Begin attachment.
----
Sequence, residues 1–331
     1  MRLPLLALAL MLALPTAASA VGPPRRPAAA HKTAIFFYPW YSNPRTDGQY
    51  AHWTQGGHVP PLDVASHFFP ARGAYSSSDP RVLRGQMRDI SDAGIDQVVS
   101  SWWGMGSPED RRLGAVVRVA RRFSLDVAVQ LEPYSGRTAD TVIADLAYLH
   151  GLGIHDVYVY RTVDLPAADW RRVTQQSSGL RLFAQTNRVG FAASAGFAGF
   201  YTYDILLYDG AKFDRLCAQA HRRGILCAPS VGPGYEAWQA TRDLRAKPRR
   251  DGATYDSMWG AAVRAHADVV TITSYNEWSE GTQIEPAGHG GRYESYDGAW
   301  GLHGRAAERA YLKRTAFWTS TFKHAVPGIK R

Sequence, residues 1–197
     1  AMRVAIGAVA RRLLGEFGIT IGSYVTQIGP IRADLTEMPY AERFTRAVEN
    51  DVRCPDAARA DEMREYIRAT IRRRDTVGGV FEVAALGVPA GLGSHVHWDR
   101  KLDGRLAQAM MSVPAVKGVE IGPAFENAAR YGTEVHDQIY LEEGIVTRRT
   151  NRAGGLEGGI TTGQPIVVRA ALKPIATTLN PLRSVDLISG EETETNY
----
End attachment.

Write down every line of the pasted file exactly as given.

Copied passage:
Sequence, residues 1–331
     1  MRLPLLALAL MLALPTAASA VGPPRRPAAA HKTAIFFYPW YSNPRTDGQY
    51  AHWTQGGHVP PLDVASHFFP ARGAYSSSDP RVLRGQMRDI SDAGIDQVVS
   101  SWWGMGSPED RRLGAVVRVA RRFSLDVAVQ LEPYSGRTAD TVIADLAYLH
   151  GLGIHDVYVY RTVDLPAADW RRVTQQSSGL RLFAQTNRVG FAASAGFAGF
   201  YTYDILLYDG AKFDRLCAQA HRRGILCAPS VGPGYEAWQA TRDLRAKPRR
   251  DGATYDSMWG AAVRAHADVV TITSYNEWSE GTQIEPAGHG GRYESYDGAW
   301  GLHGRAAERA YLKRTAFWTS TFKHAVPGIK R

Sequence, residues 1–197
     1  AMRVAIGAVA RRLLGEFGIT IGSYVTQIGP IRADLTEMPY AERFTRAVEN
    51  DVRCPDAARA DEMREYIRAT IRRRDTVGGV FEVAALGVPA GLGSHVHWDR
   101  KLDGRLAQAM MSVPAVKGVE IGPAFENAAR YGTEVHDQIY LEEGIVTRRT
   151  NRAGGLEGGI TTGQPIVVRA ALKPIATTLN PLRSVDLISG EETETNY